Pleiades: The Seven Sister Stars on Halloween | The Old Farmer's Almanac

Pleiades: The Seven Sisters Stars on Halloween

pleiades star cluster, called the seven sisters, in the night sky
Photo Credit
Antonio Fernandez-Sanchez/NASA

Why is Pleiades called the Seven Sisters?

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It’s an annual autumn ritual: The reappearance of Pleiades—the glorious “Seven Sisters.” Around Halloween, they always rise in the east after sunset. Learn more about the Pleiades—and their strange connection to All Hallows’ Eve.

What Are the Pleiades?

The Pleiades, also known as the Seven Sisters, is a tightly packed cluster of stars. It’s technically an “asterism” (a pattern of stars of similar brightness) versus an official constellation and appears in the northwest of the constellation Taurus. The Pleiades are among the nearest star clusters to Earth, and one of the most easily seen with the naked eye. 

How Old is the Pleiades Star Cluster?

No obstetrician attended the birth of the Pleiades, 60 million years ago. As these fiercely hot suns awakened from the dazzling and dangerous gaseous nursery, the newborn stars materialized like a distant sunrise in the skies of Earth 400 light years away.

The Pleiades gave the ancients a sense of time. Over 10,000 years ago, hunter-gatherers in the Palaeolithic period were able to observe the Pleiades appear in late October and disappear in April, thus signaling winter’s end and the beginning of the new agricultural season. (They are summer stars in the Southern Hemisphere with the opposite interpretation.) We know this because representations of this prominent pattern of stars appear on paintings in the cave of Lascaux (France), which date from 15000 BCE (before the common era).

Pleiades Meaning and Symbolism

The star cluster seems harmless. But that wasn’t always the case. In ancient times, the Pleiades had a strange reputation. Such medieval rituals as the pagan Black Sabbath and All Hallow’s Eve (which evolved into our own Halloween) were set to occur when the Pleiades reached their highest point at midnight. Some have speculated that the rituals could have originated as commemorating some ancient catastrophe that resulted in great loss of life. Some believe they may be linked to the Atlantis myth, itself perhaps a legend that evolved from the Santorini Volcano’s awesome eruption in 1450 BC that devastated the Minoan civilization on nearby Crete.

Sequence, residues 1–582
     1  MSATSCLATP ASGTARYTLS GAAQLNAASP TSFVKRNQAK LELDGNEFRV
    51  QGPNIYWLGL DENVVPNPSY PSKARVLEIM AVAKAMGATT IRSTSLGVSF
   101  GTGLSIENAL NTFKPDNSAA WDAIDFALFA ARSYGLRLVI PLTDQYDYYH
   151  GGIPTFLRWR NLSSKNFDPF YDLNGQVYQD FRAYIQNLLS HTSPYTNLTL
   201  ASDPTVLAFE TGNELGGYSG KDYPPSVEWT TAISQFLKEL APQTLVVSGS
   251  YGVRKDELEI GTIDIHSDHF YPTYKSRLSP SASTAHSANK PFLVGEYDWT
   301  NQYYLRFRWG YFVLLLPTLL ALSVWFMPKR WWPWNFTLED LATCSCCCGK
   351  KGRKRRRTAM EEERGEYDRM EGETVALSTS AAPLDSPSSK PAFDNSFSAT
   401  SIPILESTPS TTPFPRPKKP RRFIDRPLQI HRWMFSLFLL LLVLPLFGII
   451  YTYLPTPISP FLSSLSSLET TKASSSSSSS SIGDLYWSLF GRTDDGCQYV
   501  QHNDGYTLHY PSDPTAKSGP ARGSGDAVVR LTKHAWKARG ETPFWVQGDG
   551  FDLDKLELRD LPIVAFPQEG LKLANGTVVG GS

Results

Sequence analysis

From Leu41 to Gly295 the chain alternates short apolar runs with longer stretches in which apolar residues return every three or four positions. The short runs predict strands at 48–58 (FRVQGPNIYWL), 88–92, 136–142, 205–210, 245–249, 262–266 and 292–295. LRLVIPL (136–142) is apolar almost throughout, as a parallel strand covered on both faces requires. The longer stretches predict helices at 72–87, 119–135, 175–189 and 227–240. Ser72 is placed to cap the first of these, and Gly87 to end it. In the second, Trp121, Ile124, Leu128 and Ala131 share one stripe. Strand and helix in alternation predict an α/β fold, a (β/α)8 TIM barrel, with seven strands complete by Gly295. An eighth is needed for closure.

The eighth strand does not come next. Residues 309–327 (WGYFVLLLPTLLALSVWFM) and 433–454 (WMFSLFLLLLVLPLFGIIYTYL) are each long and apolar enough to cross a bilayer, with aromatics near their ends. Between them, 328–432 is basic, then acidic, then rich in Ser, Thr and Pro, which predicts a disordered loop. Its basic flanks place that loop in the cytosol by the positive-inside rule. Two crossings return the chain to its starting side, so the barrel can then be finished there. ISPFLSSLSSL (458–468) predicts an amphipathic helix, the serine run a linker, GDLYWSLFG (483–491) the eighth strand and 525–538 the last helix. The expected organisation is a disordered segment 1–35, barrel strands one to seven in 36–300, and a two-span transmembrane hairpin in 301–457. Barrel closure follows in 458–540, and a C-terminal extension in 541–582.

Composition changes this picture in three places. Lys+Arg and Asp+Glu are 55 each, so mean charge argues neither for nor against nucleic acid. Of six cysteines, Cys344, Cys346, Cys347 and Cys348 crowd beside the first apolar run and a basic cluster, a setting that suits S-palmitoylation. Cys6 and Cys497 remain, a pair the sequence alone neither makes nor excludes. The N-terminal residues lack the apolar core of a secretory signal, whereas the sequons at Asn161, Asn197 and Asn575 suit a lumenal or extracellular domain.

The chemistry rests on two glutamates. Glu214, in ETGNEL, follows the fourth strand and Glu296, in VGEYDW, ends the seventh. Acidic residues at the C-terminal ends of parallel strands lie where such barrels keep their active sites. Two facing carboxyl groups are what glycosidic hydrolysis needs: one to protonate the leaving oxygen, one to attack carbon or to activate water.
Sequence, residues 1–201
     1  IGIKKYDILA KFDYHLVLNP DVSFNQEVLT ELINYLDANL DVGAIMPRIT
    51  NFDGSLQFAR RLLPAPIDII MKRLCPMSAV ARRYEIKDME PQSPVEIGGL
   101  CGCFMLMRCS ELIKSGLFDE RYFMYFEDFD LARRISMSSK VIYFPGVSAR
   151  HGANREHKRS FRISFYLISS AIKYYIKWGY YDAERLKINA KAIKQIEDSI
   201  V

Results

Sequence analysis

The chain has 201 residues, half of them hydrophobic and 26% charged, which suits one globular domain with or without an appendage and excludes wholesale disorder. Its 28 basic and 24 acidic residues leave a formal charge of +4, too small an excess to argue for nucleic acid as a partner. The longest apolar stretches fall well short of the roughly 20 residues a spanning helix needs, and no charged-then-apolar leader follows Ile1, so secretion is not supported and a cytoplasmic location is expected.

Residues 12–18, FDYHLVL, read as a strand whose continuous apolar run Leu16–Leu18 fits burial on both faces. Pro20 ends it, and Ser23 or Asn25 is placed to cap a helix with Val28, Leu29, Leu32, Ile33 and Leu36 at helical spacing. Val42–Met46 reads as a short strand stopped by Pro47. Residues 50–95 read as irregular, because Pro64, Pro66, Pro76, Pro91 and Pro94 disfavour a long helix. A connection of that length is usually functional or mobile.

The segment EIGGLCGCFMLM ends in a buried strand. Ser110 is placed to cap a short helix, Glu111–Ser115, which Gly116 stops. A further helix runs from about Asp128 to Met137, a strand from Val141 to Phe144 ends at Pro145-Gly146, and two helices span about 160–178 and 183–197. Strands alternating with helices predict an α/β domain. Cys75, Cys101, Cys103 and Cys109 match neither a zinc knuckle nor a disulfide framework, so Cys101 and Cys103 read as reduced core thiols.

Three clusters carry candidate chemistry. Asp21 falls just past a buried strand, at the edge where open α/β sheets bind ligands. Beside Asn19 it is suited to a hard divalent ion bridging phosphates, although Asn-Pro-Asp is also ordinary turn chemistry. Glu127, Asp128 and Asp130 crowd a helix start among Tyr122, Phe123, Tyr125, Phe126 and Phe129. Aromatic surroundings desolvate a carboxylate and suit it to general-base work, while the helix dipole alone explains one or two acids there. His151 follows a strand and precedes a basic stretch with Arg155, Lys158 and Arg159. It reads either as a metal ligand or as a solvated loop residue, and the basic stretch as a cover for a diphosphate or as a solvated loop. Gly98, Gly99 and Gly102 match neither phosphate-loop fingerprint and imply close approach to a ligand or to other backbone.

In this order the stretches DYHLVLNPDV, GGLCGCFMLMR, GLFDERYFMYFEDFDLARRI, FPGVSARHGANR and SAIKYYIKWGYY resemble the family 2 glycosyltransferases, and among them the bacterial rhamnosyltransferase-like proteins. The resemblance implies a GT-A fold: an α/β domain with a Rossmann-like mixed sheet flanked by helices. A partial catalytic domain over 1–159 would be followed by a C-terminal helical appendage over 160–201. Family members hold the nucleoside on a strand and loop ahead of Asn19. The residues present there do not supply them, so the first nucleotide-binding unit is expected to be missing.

The Pleiades had an odd importance to civilizations throughout time and around the world. In Egypt, they were revered as one of the forms of the goddess Isis. In ancient Persia, the date in which they reached their highest midnight ascendancy was marked with ceremony. In Mayan and Aztec culture, this same yearly occasion had a forbidding undertone and was given tremendous importance—with at least one city’s streets and pyramid aligned with the setting of the Pleiades.

seven sisters infographic

Why is Pleiades called the Seven Sisters?

The seven sisters comes from Greek mythology. The Pleiads were the seven daughters of Atlas, a Titan who held up the sky, and the Oceanid Pleione, the protectress of sailing. The sisters have names: Alcyone, Asterope, Electra, Celaeno, Maia, Merope, and Taygete.

Stars of Subaru

In Japan, this star cluster’s ancient name is Subaru. Until very recently, the six Japanese companies that merged to produce automobiles in 1953 placed a crude star map of the Pleiades on each of their cars. Over the years, its single brighter star has been portrayed as ever-more luminous and increasingly separated from the others, perhaps revealing some corporate infighting.


The Lost 7th Sister

But why seven sisters? That’s the real mystery. After all, normal eyesight readily sees only six, the same number found on the Subaru insignia.

Of course, how many stars you can perceive tells as much about the purity of your sky as the state of your vision. However, civilizations as disparate as the ancient Greeks, Australian aborigines, and Japanese all possessed legends of the “lost Pleiad” which have persisted through the centuries? Even two thousand years ago, a Greek poet wrote:

           “…their number seven, though the myths often say…that one has passed away.”         

One clue is that, as binoculars reveal, they’re blue—a color that indicates stellar youth. Young, hot, giant stars are often unstable, gobbling up their nuclear fuel in an adolescent frenzy that frequently produces instability.

They’re in their infancy even today: our own sun has been around 250 times longer. The dinosaurs gazed unconcernedly into a sky empty of the Sisters, which sprang into view just before we ourselves did. So maybe one of these newborns lost a bit of its light.   Since all massive stars die young, the Pleiades will be long gone when most of the galaxy’s stars are still enjoying middle age.

Toddling gracefully across November’s chilly skies —and very much linked with Halloween—the newborn sisters are only for now.

What’s the Moon phase this Halloween? Check out our Moon Phase Calendar to find out, and learn how rare a full Moon on Halloween is!

About The Author

Bob Berman

Bob Berman, astronomer editor for The Old Farmer’s Almanac, covers everything under the Sun (and Moon)! Bob is the world’s most widely read astronomer and has written ten popular books. Read More from Bob Berman

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